• Lendlease has engaged HBMK from early on to study how its development can be built to ease property management well into the future.

KUALA LUMPUR (Oct 4): What are the most important factors in ensuring good property management? This is one of the points highlighted during the panel discussion of The State of Strata Living: What to know before you buy, organised by EdgeProp Malaysia and Lendlease last weekend.

The event, which also included two talks, followed the EdgeProp-Lendlease Sustainable Strata-living Survey. Run from July 8 to Aug 5, the survey uncovered interesting findings about what strata residents wish to experience today.

The panel discussion, moderated by EdgeProp Malaysia managing director Alvin Ong, was graced by TRX Residences project director and head of residential practice, Asia, Eric Chan; Architect Centre accredited building inspector, Anthony Lee Tee; Chur Associates  founder and managing partner, Chris Tan; and Henry Butcher Malaysia (Mont Kiara) Sdn Bhd (HBMK) executive director, Low Hon Keong.

Held at the TRX Residences Discovery & Experience Gallery here, the 50 attendees of the full-house event enjoyed talks presented by Lee titled Safe or Sorry: What should residents look out for?; and by Tan titled Communal Living: Resident’s guide to solving issues proactively, as well as a presentation by Lendlease on Global Living: International standards in urban living.

Ong said the key takeaway is that the power in shaping the future of strata living is not just in the hands of developers but property buyers as well.

On that note, he said more homebuyers are beginning to realise that good property management starts from the moment the development plan is conceived.

In response, Chan said in order for a developer to have a successful portfolio, there’s no running away from responsibility even after handover. Hence, he said Lendlease, whose current portfolio includes a total of 21 projects across gateway cities around the world, has engaged HBMK from early on to study how its development can be built to ease property management well into the future.

TRX Residences is part of The Exchange TRX precinct, which is a joint-venture project between Lendlease and TRX City Sdn Bhd, the master developer for Tun Razak Exchange (TRX), Malaysia’s new central business district.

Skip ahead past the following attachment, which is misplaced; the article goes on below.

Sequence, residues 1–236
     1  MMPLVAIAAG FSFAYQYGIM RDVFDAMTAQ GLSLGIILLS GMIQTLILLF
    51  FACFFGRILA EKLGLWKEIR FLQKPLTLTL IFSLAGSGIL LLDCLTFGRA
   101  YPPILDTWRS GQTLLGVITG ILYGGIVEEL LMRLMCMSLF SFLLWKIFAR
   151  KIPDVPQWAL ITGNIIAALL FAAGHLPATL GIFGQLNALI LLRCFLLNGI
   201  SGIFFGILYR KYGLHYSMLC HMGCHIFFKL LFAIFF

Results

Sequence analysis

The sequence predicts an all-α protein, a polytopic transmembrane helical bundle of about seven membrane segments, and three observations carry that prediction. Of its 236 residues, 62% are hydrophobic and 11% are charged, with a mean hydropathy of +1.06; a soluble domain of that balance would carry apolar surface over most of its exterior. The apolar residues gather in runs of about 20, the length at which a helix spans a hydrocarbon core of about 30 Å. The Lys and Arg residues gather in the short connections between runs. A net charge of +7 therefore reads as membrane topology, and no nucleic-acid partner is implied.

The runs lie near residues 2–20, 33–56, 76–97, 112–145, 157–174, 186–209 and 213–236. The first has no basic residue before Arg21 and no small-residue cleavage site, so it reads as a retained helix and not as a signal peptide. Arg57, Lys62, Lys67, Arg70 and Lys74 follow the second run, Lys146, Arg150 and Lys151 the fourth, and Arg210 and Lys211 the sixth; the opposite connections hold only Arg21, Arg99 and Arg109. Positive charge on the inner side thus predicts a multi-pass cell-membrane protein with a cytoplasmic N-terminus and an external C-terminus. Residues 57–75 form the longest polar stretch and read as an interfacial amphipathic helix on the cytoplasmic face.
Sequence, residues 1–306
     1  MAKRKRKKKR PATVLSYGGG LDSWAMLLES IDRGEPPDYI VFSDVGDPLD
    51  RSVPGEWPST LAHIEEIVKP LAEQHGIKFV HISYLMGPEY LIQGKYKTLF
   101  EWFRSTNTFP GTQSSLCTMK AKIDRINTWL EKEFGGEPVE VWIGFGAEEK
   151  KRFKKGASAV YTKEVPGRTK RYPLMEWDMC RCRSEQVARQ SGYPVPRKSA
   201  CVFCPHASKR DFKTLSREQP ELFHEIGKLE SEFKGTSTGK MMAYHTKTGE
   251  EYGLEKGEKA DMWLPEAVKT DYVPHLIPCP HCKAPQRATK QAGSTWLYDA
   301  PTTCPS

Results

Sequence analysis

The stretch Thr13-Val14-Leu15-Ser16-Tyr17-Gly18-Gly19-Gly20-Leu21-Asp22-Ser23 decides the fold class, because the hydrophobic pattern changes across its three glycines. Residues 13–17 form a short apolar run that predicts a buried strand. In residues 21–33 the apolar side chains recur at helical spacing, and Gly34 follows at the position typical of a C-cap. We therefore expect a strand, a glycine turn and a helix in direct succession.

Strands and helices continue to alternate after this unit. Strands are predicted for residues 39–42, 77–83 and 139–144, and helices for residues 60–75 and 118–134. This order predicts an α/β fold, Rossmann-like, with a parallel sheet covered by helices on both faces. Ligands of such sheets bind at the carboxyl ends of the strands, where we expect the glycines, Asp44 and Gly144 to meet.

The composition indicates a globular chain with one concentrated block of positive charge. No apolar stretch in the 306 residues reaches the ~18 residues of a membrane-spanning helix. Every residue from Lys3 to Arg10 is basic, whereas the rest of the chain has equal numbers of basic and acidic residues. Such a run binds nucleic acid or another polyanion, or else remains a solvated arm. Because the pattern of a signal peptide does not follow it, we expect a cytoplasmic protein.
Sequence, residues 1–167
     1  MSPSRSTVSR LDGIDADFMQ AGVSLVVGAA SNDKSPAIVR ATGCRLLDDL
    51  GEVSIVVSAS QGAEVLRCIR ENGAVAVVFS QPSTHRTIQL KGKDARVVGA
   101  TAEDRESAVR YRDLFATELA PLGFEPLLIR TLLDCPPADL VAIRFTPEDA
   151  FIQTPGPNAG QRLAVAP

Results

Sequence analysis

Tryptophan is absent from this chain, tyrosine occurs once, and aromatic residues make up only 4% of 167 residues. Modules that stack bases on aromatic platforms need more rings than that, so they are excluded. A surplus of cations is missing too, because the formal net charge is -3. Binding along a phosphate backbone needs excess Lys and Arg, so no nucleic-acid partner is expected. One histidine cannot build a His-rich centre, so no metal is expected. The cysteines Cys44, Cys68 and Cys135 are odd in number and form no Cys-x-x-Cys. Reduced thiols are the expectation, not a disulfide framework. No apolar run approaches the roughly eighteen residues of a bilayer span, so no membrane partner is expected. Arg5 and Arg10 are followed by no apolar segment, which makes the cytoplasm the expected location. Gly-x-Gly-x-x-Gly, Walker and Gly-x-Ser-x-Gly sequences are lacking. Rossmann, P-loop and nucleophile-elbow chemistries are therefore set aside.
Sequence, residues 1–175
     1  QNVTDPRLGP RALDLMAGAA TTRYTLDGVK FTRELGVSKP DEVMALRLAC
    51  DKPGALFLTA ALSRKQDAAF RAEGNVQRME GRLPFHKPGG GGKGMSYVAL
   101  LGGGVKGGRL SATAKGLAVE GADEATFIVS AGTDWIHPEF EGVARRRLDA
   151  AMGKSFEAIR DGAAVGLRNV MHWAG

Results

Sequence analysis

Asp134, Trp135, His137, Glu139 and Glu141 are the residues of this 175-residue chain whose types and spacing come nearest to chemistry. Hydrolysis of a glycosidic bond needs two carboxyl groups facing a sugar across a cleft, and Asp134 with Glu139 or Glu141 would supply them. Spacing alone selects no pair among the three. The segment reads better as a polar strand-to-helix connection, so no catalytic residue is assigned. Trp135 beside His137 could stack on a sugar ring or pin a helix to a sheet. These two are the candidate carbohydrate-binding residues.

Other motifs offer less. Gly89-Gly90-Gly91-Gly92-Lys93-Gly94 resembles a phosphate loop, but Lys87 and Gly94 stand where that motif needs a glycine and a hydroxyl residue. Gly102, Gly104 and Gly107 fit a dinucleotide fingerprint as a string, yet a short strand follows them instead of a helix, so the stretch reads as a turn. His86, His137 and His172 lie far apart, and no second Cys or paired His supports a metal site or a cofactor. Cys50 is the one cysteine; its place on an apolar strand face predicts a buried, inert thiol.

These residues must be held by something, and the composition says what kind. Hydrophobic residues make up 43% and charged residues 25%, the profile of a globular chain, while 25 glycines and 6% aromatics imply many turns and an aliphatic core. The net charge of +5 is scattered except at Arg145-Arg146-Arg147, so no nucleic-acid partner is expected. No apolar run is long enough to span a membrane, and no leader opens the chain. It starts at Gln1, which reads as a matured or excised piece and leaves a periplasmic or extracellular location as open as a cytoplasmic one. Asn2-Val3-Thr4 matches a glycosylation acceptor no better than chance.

Likewise, Low said more developers have started to put their thoughts in property management even before the planning stage.  He said this is a very good sign as it means there is greater awareness on the importance of property management.

“If the building is not designed well, we, being the property manager, on behalf of JMB (joint management bodies) and MC (management corporations), will need to do a lot more to maintain the building,” Low said, adding that it is going to cause inconvenience for the personnel to do their job.

“There are small details that will have effect in the long run – for the next 10, 20 or 30 years. Eventually it will have financial impact on the building maintenance,” he said.

Concurring, Lee said developers should be going back to the drawing board and getting it right from the design stage.

“Developers build, sell and then wash their hands after completion … and when [faulty] things are discovered – the property is already done,” he said.

However, Lee noted that [some] property developers are now saying “we are not going to sell it and walk away; we are going to stay around and manage the property”.

What is fair maintenance fee?

Ong pointed out that the survey showed that people are willing to pay more for better property management, but how will homeowners know if the maintenance fees they are paying are fair for the cost of a property’s upkeep?

“Is there a formula for the layperson to serve as a guide? Also, if a property is designed for easy maintenance, does that means the cost of maintenance should be cheaper?” he asked.

In response, Low asked, “How often do you see the sign ‘sorry for the inconvenience caused’?

“It is from the perspective of the end user – the tenants and the owners of the property – how comfortable are they when they use the basic facilities? And how often do the facilities break down?”

He said people choose to live in high-rises for their practical facilities, security and communal living.

“Condos that are well designed are not about the number of facilities, but whether the facilities are practical. As an example, if a condo has a heated pool, how often do residents use it? Is it a worthwhile facility?” he asked.

In short, he said design and financial sustainability are both inter-related.

Similarly, Tan reminded house buyers to select not just their units, but their strata developments wisely, because it comes with a host of common facilities, for which they are co-owners, whether they like it or not.

“You may not have a choice when it comes to parents, but you can choose what kind of development you want to live in. There are things there you may not use but still, it is there and you have to pay for it.”

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